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Alex's Blog

Our local Time to Change Champions are leading the fight against mental health stigma. Read Alex’s story below.

Our local Time to Change Champions are leading the fight against mental health stigma.

For Carers Week 2020 one of our local Time to Change Champions has shared her story on how unexpected acts of Kindness, friends checking in on her and making time for herself has kept her well whilst being a carer for a family member with a terminal illness.

“I support my Mum to help care for my younger sister who has a life-limiting illness, which has been in a terminal phase for the past year.

I describe caring for a family member with a life limiting or terminal illness as similar to being stuck in a waiting room. You can spend years in the room and obviously you want to stay in it for as long as is humanly possible, as to move out means the unimaginable has happened. But the truth is the longer you remain waiting, the more depleted you become both physically and emotionally.

I’m someone who is usually pretty calm and resilient, but I’ve got used to living with a low level of anxiety. I wake up each day and never quite know what might unfold and when I might need to help. I dread family phone calls and WhatsApp messages, as they usually bring bad news. Each time there is a sense of “is this it? Is this the end?” It’s very difficult to keep life normal and on an even keel, but I still need to work, earn a living and see my friends; they help provide structure to my days and light relief and distraction.

Caring involves both a practical and an emotional element. My sister is extremely limited in what she can do for herself now; she needs the same level of practical help as a young child. Understandably her emotional state can be quite volatile, as she lashes out at the unfairness of the situation she finds herself in. It’s hard being an emotional punchbag, but I understand why it happens and I’m beginning to find ways to depersonalise it. Caring is hard work, but it’s also fulfilling. I find comfort in being able to provide some practical help and support to my family; I can’t change the situation or make it better, but I can help make it slightly more liveable.

I live with anticipated grief and the knowledge that sooner rather than later I am going to lose the person I love. The grief is unpredictable and comes in waves. It’s always there in the background, but I have days when it really hits me for six. It’s hard not to retreat from the world on these days. I’ve learnt that on my “bad days” I just need to focus on doing small basic things well, like getting up on time, brushing my teeth, washing my hair. I don’t beat myself up about not functioning as a highly proficient human being on these days; it’s ok to just get through.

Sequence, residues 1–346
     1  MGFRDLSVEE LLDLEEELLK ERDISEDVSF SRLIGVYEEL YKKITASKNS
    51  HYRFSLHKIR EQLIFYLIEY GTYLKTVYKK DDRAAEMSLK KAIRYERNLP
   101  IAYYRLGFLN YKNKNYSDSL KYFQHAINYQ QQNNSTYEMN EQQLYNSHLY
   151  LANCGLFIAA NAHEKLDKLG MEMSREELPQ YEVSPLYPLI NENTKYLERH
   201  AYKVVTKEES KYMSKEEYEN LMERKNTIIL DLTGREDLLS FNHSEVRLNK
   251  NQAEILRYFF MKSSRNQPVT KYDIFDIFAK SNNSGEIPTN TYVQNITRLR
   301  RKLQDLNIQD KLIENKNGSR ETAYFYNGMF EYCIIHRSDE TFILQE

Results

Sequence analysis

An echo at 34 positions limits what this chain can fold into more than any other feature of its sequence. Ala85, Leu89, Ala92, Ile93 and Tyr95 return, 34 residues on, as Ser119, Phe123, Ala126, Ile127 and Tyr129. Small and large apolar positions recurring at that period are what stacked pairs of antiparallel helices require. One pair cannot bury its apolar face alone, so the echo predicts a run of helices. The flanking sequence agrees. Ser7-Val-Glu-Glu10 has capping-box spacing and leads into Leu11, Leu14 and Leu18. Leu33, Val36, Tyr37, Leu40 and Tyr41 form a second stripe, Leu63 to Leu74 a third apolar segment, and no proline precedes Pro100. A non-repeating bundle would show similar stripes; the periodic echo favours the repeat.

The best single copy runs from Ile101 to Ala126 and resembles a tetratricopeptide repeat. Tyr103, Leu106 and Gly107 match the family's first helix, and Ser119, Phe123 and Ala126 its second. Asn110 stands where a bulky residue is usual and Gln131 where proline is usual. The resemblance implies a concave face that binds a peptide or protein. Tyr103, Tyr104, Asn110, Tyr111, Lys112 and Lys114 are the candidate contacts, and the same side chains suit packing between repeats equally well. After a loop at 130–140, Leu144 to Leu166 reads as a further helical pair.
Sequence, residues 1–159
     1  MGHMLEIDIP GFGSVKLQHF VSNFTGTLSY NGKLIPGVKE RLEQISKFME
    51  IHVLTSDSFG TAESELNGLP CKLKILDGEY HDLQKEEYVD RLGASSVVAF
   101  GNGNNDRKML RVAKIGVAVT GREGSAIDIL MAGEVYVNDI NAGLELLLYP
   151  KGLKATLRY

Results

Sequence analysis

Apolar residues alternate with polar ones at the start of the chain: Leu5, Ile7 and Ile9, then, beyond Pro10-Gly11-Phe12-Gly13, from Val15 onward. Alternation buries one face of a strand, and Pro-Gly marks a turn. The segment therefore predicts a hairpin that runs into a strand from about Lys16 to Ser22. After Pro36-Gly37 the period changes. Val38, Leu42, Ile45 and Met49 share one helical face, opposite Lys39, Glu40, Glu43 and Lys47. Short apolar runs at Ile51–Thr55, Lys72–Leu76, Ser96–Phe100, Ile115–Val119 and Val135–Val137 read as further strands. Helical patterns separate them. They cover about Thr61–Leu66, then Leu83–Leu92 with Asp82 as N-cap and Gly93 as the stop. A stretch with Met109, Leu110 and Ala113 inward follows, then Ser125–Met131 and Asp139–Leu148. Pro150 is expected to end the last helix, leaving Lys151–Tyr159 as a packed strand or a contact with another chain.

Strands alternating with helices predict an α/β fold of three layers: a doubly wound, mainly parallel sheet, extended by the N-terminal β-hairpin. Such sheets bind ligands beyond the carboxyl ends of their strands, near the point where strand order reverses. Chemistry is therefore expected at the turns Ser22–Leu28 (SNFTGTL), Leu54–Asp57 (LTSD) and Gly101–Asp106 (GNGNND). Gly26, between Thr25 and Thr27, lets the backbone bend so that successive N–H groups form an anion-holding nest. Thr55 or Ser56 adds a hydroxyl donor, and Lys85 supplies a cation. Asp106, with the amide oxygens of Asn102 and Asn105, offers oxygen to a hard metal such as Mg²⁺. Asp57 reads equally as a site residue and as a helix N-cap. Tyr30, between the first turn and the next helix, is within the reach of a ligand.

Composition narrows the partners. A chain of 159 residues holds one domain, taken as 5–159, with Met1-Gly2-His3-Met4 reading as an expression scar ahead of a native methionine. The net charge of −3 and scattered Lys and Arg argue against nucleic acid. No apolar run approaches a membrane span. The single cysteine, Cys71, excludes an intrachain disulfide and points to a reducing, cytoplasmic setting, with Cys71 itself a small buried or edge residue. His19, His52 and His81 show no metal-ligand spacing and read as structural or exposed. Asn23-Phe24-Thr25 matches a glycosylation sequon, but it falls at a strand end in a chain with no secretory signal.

My friends help me survive the buffeting of the waves. There are those who try and jolly me through it all, as if it’s a bit of a bad hangover. There are others who spend time just listening, not pretending to have any answers, but just offering their silent support. Unexpected acts of kindness be it a surprise parcel of goodies in the post or a well-timed WhatsApp, help me feel less alone and can turn my day around. 

I’ve learnt over the last year that the most important thing I can do as a family carer is look after myself as much as the person I am helping to care for. If you become too depleted, you can’t help anyone. At the beginning I would feel guilty if I took time out for myself or said no to helping, but I’ve learnt self-care is crucial to my survival of the situation. I have a greater appreciation and find comfort in the simpler and smaller things in life. It’s the old cliché of you don’t know how much you really have until it threatens to be taken away.

My survival kit:  

  1. Nature – getting out for a walk in the beautiful Hampshire countryside really helps feed my soul.
  2. Sitcoms – I have a go to list of sitcoms that I watch on my bad days, which are guaranteed to give me a chuckle.
  3. Cup of tea – having a time out with a cuppa helps me slow down and check in with how I’m feeling and what I need.
  4. Counselling – I find it invaluable having someone who is removed from the intensity of the situation that I can talk to about what I’m facing and how I’m feeling.”

About the hub

The Portsmouth and Southampton Time to change hub is delivered in partnership by Southampton City Council and Portsmouth City Council, co-ordinated by Solent Mind.

We are committed to the Hub being led by Champions. There are many ways that registered Champions can get involved in the direction of the Hub, including joining us at Steering Group meetings. If you’d like to find out more please contact ttc@solentmind.org.uk.

If you are looking for support with your mental health or wellbeing at this difficult time, please visit our support page.